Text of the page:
On my daughter’s fifth birthday, my husband didn’t know it but he exposed an open wound when he thoughtfully said, “every April 2 must be the toughest for her.” It really got me thinking about her birth mom, pondering and aching for her loss. I’m not sure why now and not earlier, but the pain of it all hit me harder than I’d expected.
I mean I’ve always thought about her birth mom on some level, wondering where Maddie gets her dimples, her laugh, her sweetness and all of her beautiful attributes. But this year, maybe because I’m able to more clearly see my daughter for the person she’s become and going to be, my heart sank for this woman and the difficult decision she had to make five years ago.
Every year we celebrate our daughter’s life and look forward to all of the wonderful things ahead, her birth mom is probably reliving the day she gave her up. There has to be enormous regret and sadness about the path she didn’t take and the person, a part of her, she never got to know. I’m not judging her. I’m incredibly grateful to this woman I’ll probably never know for allowing me the privilege of being Maddie’s mom. If not for this woman, my life would certainly be less fulfilling, less rewarding and very different.
As I sort through my own feelings and sensitivities around the birth mom, I’m still trying to figure out the best way to message the loss of this special person to my daughter – also a sensitive and inquisitive person. In truth, I think I buried my feelings for the birth mom because all of my focus has been on Maddie. How to protect her feelings. How to say it without upsetting her. I’ve been contemplating this since the beginning, with every adoption book read, every question asked, and every few months when I notice something about my child that makes me want to speak up. I’ve kind of obsessed about when to tell her, where to tell her and how to tell her. This conversation makes the birds and bees talk seem easy. I’ve read many a blog, book and advice column available on this milestone conversation; and what I’ve decided is that while I might use some of the information, I’m going to tailor the conversation to Maddie and speak from my heart.
I’m going to pull out her adoption photos and tell her our story, which we’ve told before, and then build the conversation around my daughter’s beautiful face and talents. Wonder where your smile, hair and eyes come from? Your birth parents. Wonder where you get your athleticism and creativity from? Your birth parents. Rather than focusing on what I don’t know, which is just about everything, I’d rather focus on what I do know. That Maddie is who she is thanks to her birth parents and us – her family. Although made by her birth parents, we are always going to be her parents. I’m sure there will be more questions I’m not anticipating, but I’m hoping this is the right way to start the conversation.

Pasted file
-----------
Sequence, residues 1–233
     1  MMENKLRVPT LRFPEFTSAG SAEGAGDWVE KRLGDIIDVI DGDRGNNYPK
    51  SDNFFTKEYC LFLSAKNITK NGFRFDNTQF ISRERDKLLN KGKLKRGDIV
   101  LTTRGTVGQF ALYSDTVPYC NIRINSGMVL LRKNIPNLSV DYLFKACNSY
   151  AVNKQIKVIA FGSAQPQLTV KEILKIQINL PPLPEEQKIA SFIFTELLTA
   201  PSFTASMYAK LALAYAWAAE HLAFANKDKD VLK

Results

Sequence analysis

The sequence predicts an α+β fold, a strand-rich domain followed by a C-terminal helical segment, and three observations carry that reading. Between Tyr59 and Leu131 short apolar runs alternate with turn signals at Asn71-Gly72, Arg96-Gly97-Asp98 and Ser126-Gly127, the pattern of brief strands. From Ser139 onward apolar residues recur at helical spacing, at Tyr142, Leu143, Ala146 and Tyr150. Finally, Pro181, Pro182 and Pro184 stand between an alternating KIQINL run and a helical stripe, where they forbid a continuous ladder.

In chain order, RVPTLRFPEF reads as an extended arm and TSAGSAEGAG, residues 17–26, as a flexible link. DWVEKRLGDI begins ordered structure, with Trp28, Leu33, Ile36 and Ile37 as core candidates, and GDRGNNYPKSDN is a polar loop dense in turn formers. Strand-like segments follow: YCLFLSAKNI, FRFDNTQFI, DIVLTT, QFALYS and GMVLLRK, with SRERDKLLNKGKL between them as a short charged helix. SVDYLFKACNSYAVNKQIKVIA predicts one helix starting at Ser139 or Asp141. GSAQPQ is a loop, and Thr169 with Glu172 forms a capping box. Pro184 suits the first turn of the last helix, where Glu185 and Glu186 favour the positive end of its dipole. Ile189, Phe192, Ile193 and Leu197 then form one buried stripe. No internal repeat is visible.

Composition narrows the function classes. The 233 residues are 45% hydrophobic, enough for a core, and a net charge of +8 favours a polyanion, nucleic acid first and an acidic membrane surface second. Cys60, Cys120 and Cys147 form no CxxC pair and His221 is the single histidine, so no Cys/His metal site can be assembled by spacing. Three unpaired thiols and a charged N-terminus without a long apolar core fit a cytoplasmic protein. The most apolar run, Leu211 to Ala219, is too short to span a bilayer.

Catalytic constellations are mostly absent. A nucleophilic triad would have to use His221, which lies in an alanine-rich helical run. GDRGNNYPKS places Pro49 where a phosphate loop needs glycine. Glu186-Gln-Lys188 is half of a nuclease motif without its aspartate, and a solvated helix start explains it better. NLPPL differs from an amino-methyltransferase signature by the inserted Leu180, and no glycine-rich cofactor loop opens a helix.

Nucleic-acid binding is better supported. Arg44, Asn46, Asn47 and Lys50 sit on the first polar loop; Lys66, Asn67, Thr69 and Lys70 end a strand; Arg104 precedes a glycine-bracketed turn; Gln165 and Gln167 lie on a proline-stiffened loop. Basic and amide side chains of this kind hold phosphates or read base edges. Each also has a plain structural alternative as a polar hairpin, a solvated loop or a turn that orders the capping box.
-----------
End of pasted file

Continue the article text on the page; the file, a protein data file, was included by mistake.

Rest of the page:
I’ve read incredible stories of how adoptive parents have chosen to honor their children’s birth moms through letters, drawings and other ways. I’ll let Maddie choose her own personal way when she’s ready; but for me, the best way I know to say thanks is through a letter, one she may never receive but that’s heartfelt.
"Thank you for choosing to bring Maddie into this world when it wasn’t the easiest or most selfish choice you could have made as a young, single woman of 25. Thank you for taking her to the Yemet baby house in Aktobe, Kazakhstan, where we became family for the first time. Thanks for sharing a Kazakh heritage of warmth, intelligence and determination with us. Thanks for giving us the opportunity to be the parents of a kind, charming, friendly, inspiring, creative, beautiful, athletic and fiercely intelligent girl who has brought us nothing but love and happiness over the years. We love Maddie more than I could ever express in words, and you should know that she’s an incredible daughter, sister, friend and person thanks in part to you."
--Melanie Hill, adoptive mom to two Kazakh beauties